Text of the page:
If it hadnt been for that one social worker, my brother would probably be dead by now.
So please dont write off child services. Despite what others think, they can really help.I guess it's just finding the right case worker.
16-02-2012 14:43 #7
I was also going to suggest getting some intolerance testing done. We have seen a great improvement in behavior and sleeping patterns here after adjusting our diets accordingly.
There are lots of nasties hidden in food these days that can have a terrible effect on young people. Definitely something worth looking into.
Best of luck to your friend and her son.
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16-02-2012 15:40 #8
OMG gothchick, how horrible to have to be in that situation do you mind if I share your story with her? It may just be The happy ending story she needs right now.
These are all great suggestions, I will pass them on
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16-02-2012 15:41 #9-
- Join Date
- Jan 2012
Absolutely, I dont mind at all.
16-02-2012 20:07 #10
That sounds so much like my little BIL. He was 11 when his problems started and is now 14 and the problem is ongoing. He is still verbally and occasionally physically abusive towards his mother, punches holes in the walls and barely has anything to call his own as he has broken it all.
His mother got to the point where she couldn't handle it anymore and sent him to live with DH and I. Here he was perfect. Couldn't fault him. Went to school everyday, never talked back, did what he was asked, went to bed on time, helped with a few chores. With the birth of my DS and such great behaviour for so long we decided to see if he could live at home again. It's better than it was but he still has outbursts.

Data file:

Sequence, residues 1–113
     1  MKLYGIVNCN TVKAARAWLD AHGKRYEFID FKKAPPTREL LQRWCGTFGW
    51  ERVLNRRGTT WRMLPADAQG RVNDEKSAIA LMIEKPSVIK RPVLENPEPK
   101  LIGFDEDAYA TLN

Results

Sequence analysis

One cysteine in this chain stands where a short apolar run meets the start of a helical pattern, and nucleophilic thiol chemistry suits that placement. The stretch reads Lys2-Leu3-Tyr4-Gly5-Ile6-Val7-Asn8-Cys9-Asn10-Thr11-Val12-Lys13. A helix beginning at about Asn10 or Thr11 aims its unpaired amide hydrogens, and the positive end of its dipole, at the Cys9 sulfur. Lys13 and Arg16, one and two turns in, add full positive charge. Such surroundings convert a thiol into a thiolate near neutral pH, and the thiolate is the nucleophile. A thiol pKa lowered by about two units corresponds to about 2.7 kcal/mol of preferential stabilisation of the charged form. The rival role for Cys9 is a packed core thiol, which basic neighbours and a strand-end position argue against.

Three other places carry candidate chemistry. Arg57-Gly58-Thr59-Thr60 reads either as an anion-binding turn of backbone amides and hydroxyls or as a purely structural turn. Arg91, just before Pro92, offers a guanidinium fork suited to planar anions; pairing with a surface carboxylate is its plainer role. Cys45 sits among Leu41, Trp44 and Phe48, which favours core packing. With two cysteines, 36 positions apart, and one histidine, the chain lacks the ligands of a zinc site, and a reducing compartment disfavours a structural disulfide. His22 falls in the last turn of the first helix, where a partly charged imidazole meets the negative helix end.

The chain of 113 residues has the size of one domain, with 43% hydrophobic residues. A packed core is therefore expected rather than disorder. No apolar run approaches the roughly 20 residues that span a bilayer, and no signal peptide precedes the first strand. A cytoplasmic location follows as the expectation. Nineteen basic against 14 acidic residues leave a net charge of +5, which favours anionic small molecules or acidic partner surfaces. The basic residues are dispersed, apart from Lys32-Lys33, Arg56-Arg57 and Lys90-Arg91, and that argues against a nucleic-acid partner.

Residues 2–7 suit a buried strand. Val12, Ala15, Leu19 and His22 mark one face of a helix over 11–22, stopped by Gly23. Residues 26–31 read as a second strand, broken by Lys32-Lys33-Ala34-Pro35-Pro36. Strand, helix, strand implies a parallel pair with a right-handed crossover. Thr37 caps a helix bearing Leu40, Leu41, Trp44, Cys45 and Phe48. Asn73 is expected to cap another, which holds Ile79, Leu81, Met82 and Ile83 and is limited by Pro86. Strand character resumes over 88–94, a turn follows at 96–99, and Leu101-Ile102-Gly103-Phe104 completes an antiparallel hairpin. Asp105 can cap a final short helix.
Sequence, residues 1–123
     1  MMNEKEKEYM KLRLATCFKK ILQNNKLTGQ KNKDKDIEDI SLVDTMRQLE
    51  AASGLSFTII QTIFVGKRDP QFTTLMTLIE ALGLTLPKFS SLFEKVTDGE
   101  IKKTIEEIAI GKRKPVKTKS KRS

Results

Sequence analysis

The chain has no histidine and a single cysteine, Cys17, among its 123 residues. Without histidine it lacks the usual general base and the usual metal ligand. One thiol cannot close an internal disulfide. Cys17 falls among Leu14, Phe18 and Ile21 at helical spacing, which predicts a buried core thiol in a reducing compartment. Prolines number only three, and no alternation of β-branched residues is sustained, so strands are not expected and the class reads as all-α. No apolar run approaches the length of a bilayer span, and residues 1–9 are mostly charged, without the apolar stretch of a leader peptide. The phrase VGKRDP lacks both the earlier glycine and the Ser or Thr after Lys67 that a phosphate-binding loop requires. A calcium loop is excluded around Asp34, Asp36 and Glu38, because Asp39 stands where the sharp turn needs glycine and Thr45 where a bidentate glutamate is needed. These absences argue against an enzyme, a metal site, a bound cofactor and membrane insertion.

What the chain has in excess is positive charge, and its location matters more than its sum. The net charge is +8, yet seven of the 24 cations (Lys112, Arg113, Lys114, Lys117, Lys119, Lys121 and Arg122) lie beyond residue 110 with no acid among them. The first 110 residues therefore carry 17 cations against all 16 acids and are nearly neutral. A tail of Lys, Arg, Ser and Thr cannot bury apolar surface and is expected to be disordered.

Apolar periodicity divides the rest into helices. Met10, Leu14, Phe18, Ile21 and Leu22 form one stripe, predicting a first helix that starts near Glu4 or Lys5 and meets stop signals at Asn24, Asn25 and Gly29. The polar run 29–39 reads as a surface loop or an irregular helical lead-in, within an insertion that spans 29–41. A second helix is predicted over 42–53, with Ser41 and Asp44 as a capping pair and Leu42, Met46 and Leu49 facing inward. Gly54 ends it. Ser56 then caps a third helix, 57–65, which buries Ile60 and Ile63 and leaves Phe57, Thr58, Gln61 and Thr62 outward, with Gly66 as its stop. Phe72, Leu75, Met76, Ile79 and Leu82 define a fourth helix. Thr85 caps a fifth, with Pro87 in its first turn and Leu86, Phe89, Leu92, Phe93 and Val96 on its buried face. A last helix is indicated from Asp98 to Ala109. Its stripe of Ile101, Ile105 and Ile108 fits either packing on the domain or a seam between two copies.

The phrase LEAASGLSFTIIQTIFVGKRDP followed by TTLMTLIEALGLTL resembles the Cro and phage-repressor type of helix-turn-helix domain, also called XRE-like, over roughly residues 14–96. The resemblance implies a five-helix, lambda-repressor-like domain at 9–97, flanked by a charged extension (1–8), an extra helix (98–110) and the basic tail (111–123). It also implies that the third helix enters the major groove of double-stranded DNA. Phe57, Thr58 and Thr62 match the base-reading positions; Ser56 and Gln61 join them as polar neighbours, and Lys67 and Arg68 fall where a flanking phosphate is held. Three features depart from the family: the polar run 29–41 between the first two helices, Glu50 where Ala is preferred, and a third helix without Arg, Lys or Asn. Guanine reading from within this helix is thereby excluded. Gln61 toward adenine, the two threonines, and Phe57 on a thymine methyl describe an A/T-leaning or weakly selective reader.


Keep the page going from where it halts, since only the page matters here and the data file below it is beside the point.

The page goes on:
At the start of his problems he was diagnosed with a condition, Oppositional Disorder or similar.
To a degree I think his mother contributed to making the situation worse. out of that environment he's a lot better. Is there somewhere else that he could live for a little while, a close family member perhaps?
The other thing that helped him I think was that my DH is his big brother. He respects him very much and that helped him with his good behaviour. It sounds like this boy doesn't have a constant male role model and perhaps not one that he looks up to? Is something like a "big brother" available? Perhaps that could help? Someone he can hang out with, have as a good role model, etc on a regular basis. Also to give him attention. Being the eldest, especially with very little siblings it's possible he's seeking attention and love?